Three Things About Drew Stafford’s Extension
The hype was courtesy of Sheehy Hockey, the announcements were courtesy of the Sabres, and the details were courtesy of Mike Harrington – Drew Stafford becomes the first Sabres RFA to sign a deal, getting $16M over 4 years today. But what could this deal mean in the long run?
First, the production: Drew Stafford scored 31 goals and added 21 assists for 52 points in an injury-riddled season that saw him miss 20 games. Of his production, 11 goals and 8 assists came on the power play. Two comparables that immediately come to mind are a pair of Islanders – Matt Moulson and Michael Grabner. Matt Moulson, formerly a sophomore, just came off his second consecutive 30 goal season (30 and 31, actually) and added 22 assist to clock in at 53 points, one more than Stafford. Of Moulson’s production, 9 goals and 6 assists came on the power play. Next is Michael Grabner. Grabner tallied 34 goals and 18 assists for 52 points in his own sophomore season, the same as Stafford. While Stafford and Moulson match up pretty evenly, the difference for Grabner is his lack of power play production. Downright anemic, he only scored 2 goals and added 2 assists during the man-up situation. Grabner’s special teams contributions came on the penalty kill, when he scored 6 shorthanded goals. Stafford had a whopping 0.
Second, the payout: Stafford goes to bed tonight as the proud owner of a 4 year, $16M deal. Moulson will start next season with a 3 year, $9.4M deal while Grabner is enjoying a 5 year, $15M deal. Stafford’s deal is worth $4M across the board (cap hit: $4M), while both Moulson (cap hit: $3.133M) and Grabner’s (cap hit: $3M) deals escalate as the contract goes on. The deal is a bit higher than his comparables, but both Moulson and Grabner played at least 14 more games than Stafford did this last season. Most Sabres fans were hoping for a cap hit of $3.5M while many feared Stafford would be re-signed for $4.5M, so $4M is about right. As long as he continues to embrace his trend toward becoming a 30-30-60 winger, the money is perfect. If he reverts to his former lackluster form, the natives will be restless.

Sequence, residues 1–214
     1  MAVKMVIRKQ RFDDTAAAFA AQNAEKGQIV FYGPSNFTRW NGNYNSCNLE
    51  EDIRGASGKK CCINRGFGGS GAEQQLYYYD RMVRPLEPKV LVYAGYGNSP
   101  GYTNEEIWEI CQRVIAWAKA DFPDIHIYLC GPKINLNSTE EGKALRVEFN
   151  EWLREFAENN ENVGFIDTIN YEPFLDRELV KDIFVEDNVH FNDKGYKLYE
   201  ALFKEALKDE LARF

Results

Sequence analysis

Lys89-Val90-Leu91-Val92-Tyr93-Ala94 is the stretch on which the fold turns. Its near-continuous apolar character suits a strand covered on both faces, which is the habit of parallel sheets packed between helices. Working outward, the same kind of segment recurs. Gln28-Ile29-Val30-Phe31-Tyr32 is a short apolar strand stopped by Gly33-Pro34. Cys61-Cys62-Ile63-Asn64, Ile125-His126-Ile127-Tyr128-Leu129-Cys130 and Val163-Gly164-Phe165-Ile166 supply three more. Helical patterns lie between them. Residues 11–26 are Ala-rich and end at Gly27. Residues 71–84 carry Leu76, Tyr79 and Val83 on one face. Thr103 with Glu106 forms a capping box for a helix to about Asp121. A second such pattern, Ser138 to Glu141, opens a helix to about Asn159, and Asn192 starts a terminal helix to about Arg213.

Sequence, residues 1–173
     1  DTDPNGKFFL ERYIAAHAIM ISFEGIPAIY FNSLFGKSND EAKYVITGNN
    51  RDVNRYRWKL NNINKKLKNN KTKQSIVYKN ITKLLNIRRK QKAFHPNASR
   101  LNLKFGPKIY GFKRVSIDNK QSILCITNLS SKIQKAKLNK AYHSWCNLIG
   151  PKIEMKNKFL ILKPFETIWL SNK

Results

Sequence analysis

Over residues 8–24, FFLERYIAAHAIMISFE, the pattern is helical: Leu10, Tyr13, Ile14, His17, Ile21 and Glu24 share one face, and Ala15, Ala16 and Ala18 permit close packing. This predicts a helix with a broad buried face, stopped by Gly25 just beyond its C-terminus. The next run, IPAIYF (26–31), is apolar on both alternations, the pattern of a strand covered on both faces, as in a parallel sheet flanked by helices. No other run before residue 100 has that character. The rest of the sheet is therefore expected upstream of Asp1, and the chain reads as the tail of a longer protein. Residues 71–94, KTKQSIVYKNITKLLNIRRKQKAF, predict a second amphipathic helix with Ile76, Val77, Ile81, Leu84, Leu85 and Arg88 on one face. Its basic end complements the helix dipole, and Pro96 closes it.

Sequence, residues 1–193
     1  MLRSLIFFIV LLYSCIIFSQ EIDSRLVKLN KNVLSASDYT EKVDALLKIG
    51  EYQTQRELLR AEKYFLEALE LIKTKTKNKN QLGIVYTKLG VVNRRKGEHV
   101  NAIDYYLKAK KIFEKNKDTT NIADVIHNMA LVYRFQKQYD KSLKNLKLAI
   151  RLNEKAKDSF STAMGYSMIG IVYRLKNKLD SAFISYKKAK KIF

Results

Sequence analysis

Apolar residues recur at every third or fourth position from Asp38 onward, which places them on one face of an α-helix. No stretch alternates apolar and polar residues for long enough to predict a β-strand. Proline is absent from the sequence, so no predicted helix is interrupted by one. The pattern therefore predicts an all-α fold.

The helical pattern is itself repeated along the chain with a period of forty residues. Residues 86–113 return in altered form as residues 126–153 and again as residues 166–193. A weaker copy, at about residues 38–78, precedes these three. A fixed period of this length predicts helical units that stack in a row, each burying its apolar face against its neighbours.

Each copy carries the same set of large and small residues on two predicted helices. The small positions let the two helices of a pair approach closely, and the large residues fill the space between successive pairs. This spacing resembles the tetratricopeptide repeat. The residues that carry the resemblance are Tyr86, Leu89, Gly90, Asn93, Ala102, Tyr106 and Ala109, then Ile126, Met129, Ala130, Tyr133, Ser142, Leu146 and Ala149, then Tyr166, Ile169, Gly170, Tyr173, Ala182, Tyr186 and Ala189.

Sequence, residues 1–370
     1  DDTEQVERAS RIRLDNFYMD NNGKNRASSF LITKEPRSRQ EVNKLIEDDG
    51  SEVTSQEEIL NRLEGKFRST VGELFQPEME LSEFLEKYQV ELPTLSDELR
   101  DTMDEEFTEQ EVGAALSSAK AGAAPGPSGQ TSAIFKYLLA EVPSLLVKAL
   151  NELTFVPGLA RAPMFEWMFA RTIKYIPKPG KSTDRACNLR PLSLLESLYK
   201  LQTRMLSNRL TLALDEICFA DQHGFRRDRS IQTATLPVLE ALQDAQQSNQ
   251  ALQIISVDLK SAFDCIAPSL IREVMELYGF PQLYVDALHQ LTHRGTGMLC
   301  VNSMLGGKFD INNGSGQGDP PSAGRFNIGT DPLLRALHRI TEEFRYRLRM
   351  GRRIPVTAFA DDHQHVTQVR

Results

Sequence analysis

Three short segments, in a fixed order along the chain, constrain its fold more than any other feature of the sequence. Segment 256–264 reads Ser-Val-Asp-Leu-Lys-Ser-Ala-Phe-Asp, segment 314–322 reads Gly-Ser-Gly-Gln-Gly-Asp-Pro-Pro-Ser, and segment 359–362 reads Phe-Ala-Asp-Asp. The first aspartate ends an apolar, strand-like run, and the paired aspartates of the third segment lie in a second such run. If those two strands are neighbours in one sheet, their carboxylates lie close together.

Third, the impact: By resigning Drew Stafford now, Darcy Regier has set the market for free agent wingers instead of watching it get set by someone else. The proactiveness that Regier has displayed so far by addressing high-profile prospects and re-signing Stafford is a breath of fresh air compared to his past behavior and suggests that Terry Pegula’s comments about unchaining Regier wasn’t just pillow talk during the owner’s introductory press conference.
The new contract also makes Stafford a viable and attractive trade piece should something appear to the Sabres before free agency begins. This summer’s free agent crop has been hailed as weak by a number of pundits and it’s expected that there will be a number of deals going down before July 1st. There’s no doubt in my mind that the Sabres plan on keeping Stafford around after giving him a four year extension, but his contract may just be the right price to sweeten the deal for a new top six center or top pair defenseman.
With Drew Stafford taken care of, the Sabres have only touched the tip of the iceberg regarding their restricted free agents. From Bill Hoppe:
The draft is 3 weeks from today, and free agency begins exactly a week after that. Let’s see what else the Sabres do in the meantime.